Tax Planning Strategies to Consider
What is an 83(b) Election?
The 83(b) election is ideal for founders or executives who receive stock in an early stage company, who believe the company will experience significant appreciation. The 83(b) election allows you to decide when you receive shares at the start of a vesting period to be taxed for the entire amount that will eventually vest. Instead of paying taxes annually, you pay all the tax up front at the full market value on the date of grant. It is critical however, to make this election within 30 days of the stock grant being made. The tax usually is ordinary income based on the valuation of the stock less the amount paid for it. When the election is made in this timely, 30 day period, the clock begins to tick for long-term capital gains treatment.
Why is it Beneficial?
Simply put, 83(b) election is an exercise in confidence that the value of the new company is going to increase in value. If this is in fact the case, you paid tax early at low or no value, and when the company grows, you can sell shares held more than a year at a long-term capital gain rate. Even at the highest marginal income tax rates, this is a benefit. The highest marginal income tax rate for a married couple filing jointly is 37%. The highest capital gain rates plus health care tax is 23.8%. Even at these highest rates, the tax savings between the long-term capital gain rate and the ordinary income rate can be significant. From the issuing company’s perspective, the 83(b) election causes an acceleration of both the employee’s payment of taxes and the employer’s deduction of the compensation expense.
Income Tax Planning Considerations In Light of New 2018 Tax Rules
The tax law changes of 2018 marked the most significant change in the income tax rules in over 30 years. While there is a slight reduction in the tax rates leved at the higher levels, the cap of $10,000 on the combined state income tax and property tax removes a significant portion of the benefit of the lower rates. Capital gain rates as well as the tax on the new investment income also remain intact, keeping the highest capital gain rate at 23.8%. The highest marginal income tax rate is 37%.
Family Gifting Strategies
If you have transferable equity ownership in an entity, these shares can be gifted to loved ones. An individual can gift up to $15,000 per recipient, per year, without exceeding the annual exclusions. If this is done in advance of a transaction, the tax liability at the transaction may result in a lower rate of capital gains tax. For single tax filers under $38,600 of income including the gain there is 0% capital gain and under $260,000 of income including the gain, the capital gain tax rate is 15% and for married tax filers the amount are $77,000 and $250,000 respectfully.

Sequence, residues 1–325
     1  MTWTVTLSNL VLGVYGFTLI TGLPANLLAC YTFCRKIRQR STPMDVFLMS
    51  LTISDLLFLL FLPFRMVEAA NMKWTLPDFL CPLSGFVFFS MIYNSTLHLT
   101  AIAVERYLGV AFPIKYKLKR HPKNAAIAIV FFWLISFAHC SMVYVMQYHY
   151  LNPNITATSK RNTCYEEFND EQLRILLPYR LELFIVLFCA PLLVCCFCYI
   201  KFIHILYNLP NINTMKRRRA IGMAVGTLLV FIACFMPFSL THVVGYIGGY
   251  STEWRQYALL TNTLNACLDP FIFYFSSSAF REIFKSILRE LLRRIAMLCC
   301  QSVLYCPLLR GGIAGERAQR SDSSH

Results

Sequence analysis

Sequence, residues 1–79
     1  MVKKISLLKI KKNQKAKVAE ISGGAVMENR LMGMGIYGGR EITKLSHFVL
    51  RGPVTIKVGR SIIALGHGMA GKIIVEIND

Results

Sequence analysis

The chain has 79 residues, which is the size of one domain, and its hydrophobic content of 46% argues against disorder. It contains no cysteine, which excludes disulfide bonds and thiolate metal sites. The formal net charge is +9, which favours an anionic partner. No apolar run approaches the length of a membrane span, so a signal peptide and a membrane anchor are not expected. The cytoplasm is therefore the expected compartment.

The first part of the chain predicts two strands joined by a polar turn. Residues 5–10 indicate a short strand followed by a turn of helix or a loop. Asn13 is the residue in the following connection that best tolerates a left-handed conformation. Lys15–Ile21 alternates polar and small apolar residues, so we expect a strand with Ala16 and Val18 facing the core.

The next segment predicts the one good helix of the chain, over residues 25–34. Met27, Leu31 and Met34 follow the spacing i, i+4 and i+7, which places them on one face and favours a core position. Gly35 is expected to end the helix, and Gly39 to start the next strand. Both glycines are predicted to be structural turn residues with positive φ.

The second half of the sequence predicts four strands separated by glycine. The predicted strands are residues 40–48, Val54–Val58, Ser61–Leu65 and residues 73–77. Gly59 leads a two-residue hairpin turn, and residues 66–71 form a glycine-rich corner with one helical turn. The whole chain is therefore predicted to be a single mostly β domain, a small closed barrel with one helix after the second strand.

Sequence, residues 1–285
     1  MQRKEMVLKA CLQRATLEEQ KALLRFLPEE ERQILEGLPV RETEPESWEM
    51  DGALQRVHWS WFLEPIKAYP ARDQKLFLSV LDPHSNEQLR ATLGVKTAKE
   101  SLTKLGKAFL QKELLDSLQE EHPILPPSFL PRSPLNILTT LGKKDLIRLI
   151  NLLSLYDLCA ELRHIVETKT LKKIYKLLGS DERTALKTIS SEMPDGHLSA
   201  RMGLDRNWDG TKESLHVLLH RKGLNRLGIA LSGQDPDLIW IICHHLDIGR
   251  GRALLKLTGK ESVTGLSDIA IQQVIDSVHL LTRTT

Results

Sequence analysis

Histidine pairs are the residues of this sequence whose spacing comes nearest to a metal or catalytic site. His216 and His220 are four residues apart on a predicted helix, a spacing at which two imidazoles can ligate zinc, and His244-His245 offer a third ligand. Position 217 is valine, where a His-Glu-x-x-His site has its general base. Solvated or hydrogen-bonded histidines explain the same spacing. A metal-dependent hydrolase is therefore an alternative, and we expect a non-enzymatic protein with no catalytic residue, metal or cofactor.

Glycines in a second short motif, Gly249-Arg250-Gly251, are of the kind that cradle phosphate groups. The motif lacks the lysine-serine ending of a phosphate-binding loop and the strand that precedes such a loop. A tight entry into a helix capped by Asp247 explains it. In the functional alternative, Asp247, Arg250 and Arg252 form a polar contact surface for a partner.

Leverage Annual Gifting and the Lower Capital Gains Rate
In past years, parents and grandparents may have considered gifting appreciated assets to children and grandchildren to take advantage of the potentially lower capital gains rates when these assets are sold (note that the donor’s cost basis is transferred with the stock). Those who may be in the two lowest brackets—10% to 15%— and subject to the 0% capital gains rate in 2019 may be appropriate recipients. Children subject to the “kiddie tax” ($2,100) who may pay tax or the trust/ estate rates, may be less appropriate recipients.
Pay Certain Expenses Directly
Unlimited payments for qualified medical and educational purposes can be made on behalf of another person without generating gift tax, enabling investors to accelerate their gifting strategies. These gifts must be made directly to the respective medical or educational institution to qualify for exclusion.
Estate Tax Considerations
There are significant changes in wealth transfer for 2019. This includes the ability to pass $11,400,000 per person and $22,800,000* per married couple free of estate tax (*as of 2019 with a six year sunset). After that exemption, upwards of 40 percent could be exposed to federal estate taxes. The state of Pennsylvania still levies a 4.5% to heirs, 12% to siblings and 15% to others.
While the theresholds have increased, one should still consider the affect of compounding on the growth of a nest egg. For example, even a modest 3 percent compounded annual interest rate could take a $20 million estate to $48,545,249 over 30 years.
Fortunately, advanced strategies can be leveraged so that growth is sheltered from estate tax. Some of the more popular strategies include Grantor Retained Annuity Trusts (GRAT), Intentionally Defective Grantor Trusts (IDGT), and Charitable Remainder Trusts (CRT). Through early planning, a wide variety of tools are available to preserve wealth and minimize tax ramifications.